Margarete’s father and stepmother disapproved of the relationship as it was ‘politically inconvenient’.  Margarete mysteriously died at the age of 21, apparently having been poisoned. Historical accounts point to the King of Spain, who opposing the romance, may have dispatched Spanish agents to murder Margarete.

So what about the seven dwarfs? Margarete's father owned several copper mines that employed children as quasi-slaves. The poor conditions caused many to die at a young age, but those that survived had severely stunted growth and deformed limbs from malnutrition and the hard physical labour. As a result, they were often referred to as the ‘poor dwarfs’. 

As for the poison apple, Sanders believes this stems from an historical event in German history in which an old man was arrested for giving poison apples to children who he believed were stealing his fruit.

Historian Eckhard Sander’s maintains that the seven dwarfs represent the impoverished child labourers employed by Margarete von Waldeck’s father

Historian Eckhard Sander’s maintains that the seven dwarfs represent the impoverished child labourers employed by Margarete von Waldeck’s father ( Wikipedia)

An alternative account - Maria Sophia von Erthal

Comments

Moonsong's picture

Very good article. Personally I think both theories are pretty far fetched, but still makes a nice read.

   

- Moonsong
--------------------------------------------
A dreamer is one who can only find his way by moonlight, and his punishment is that he sees the dawn before the rest of the world ~ Oscar Wilde

helpful insight

I have always been fascinated by the origins of our human story

You mean it isn't a take from a Medieval x rated tale about a royal nymphomaniac?

I am fascinated with the Snow White story. What about the beginning of the story, when her mother pricks her finger, & red drops of blood hit the white snow, which seems to motivate her wish for a daughter, skin as white as snow, lips as red as blood. Her wish comes true, but then she dies.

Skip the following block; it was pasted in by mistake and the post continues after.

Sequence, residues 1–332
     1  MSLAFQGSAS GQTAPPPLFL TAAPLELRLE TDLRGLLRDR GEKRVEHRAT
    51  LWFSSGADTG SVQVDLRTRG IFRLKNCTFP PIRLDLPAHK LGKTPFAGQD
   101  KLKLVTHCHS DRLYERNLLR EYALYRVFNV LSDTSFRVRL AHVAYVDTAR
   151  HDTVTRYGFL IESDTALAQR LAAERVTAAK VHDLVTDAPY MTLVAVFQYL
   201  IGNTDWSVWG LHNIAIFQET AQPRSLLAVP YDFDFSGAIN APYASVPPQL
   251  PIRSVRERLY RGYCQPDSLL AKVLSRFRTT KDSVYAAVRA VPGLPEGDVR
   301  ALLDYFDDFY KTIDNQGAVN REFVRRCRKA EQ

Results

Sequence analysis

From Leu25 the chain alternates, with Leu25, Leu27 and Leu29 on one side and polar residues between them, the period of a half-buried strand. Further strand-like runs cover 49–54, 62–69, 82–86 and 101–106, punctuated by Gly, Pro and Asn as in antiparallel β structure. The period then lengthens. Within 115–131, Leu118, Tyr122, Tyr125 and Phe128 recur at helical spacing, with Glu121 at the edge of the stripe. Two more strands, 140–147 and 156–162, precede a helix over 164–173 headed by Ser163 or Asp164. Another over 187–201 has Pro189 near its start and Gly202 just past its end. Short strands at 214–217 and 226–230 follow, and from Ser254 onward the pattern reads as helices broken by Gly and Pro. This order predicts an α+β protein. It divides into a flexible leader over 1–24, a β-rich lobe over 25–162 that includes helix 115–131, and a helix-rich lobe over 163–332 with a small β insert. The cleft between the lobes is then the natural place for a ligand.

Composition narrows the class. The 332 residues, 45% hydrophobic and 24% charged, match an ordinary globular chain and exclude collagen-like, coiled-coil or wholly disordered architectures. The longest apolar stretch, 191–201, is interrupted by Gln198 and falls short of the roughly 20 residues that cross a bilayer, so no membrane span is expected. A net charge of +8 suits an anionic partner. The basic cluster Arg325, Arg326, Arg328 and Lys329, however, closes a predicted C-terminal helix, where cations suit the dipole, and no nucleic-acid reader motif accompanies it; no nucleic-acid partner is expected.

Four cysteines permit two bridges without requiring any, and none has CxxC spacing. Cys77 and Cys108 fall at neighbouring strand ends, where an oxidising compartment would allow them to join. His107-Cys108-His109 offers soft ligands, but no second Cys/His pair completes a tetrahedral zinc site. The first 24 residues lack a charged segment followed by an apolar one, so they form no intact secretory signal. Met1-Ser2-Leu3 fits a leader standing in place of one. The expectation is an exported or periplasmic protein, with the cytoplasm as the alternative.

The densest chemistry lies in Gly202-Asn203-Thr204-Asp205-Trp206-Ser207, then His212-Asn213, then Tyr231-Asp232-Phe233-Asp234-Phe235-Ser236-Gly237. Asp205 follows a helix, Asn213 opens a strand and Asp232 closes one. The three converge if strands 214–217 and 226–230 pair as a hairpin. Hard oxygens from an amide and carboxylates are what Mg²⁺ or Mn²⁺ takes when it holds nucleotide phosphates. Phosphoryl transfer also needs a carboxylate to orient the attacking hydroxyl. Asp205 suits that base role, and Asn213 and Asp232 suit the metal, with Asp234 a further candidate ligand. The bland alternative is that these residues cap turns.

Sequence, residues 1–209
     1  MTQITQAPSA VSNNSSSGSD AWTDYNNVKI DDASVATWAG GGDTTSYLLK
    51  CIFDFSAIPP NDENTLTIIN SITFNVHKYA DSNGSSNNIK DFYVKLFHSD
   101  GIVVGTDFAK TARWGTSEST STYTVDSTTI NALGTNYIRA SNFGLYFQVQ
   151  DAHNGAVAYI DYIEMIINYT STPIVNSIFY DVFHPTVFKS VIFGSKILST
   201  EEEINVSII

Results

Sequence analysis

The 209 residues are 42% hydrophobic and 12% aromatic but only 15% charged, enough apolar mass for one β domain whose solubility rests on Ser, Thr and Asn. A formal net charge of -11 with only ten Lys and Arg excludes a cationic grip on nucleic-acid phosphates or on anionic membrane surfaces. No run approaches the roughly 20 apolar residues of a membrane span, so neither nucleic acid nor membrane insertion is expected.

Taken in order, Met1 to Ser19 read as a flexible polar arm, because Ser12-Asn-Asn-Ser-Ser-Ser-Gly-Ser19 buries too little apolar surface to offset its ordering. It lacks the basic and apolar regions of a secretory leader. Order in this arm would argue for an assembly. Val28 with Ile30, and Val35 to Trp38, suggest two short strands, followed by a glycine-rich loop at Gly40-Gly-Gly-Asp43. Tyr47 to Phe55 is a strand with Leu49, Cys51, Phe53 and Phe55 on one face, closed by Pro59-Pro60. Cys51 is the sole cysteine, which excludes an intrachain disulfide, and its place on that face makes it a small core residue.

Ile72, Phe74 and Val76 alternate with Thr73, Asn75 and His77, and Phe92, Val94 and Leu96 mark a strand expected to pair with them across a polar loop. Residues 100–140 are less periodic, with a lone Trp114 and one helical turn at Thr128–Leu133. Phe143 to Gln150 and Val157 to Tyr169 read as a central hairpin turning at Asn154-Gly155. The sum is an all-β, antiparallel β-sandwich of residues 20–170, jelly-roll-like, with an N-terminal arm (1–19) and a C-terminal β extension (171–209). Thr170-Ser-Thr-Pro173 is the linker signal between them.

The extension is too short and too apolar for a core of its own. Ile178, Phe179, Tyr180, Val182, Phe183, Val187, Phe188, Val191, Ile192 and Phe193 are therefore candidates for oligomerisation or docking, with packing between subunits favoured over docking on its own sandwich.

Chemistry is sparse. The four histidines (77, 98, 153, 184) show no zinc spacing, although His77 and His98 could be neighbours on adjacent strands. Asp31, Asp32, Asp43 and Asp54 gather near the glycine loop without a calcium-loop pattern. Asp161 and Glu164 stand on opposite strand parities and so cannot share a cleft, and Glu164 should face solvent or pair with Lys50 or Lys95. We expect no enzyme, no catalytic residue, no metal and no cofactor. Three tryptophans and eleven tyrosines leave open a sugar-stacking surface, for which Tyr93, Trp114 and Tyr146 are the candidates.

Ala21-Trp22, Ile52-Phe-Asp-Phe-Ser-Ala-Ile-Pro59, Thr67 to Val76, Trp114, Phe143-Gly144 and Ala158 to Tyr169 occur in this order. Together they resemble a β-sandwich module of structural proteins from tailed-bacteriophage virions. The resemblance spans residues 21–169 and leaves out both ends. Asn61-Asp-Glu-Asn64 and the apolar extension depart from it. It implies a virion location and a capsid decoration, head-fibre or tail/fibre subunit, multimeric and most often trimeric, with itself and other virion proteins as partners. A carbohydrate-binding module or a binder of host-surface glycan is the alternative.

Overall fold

That's Sleeping Beauty. A different fairy tale

Another theory I'd heard and found interesting was that the story was an Alchemical allegory - that the dwarves represented various elements or chemicals, etc.

E.B.
That's possible. Seven dwarves, like the seven demons Jesus drove out of Mary Magdalene, which people interpret as the seven deadly sins.

Why do we not consider, that legend of Snow White is a legend, and the dwarfs are just fantasy part of a fairy tale added to a tale of some real living dutchess or queen etc., and not any children working in mines or other creature like small people ? I personally not think that this legend had happened in reality and later was just told in fantasy manner with different characters instead of original !

Because in Medieval times, people didn't "just tell stories". Stories that got told and retold widely and survive down the ages were deliberate efforts to preserve coded knowledge about royal, spiritual, or political secrets, because they were dangerous ideas.

According to "The Woman with the Alabaster Jar" by Margaret Starbird, The story of Snow White and Rose Red, and other similar fairy tales came out of Medieval Europe as allegories of the loss of the sacred marriage of Mary Magdalene and Jesus.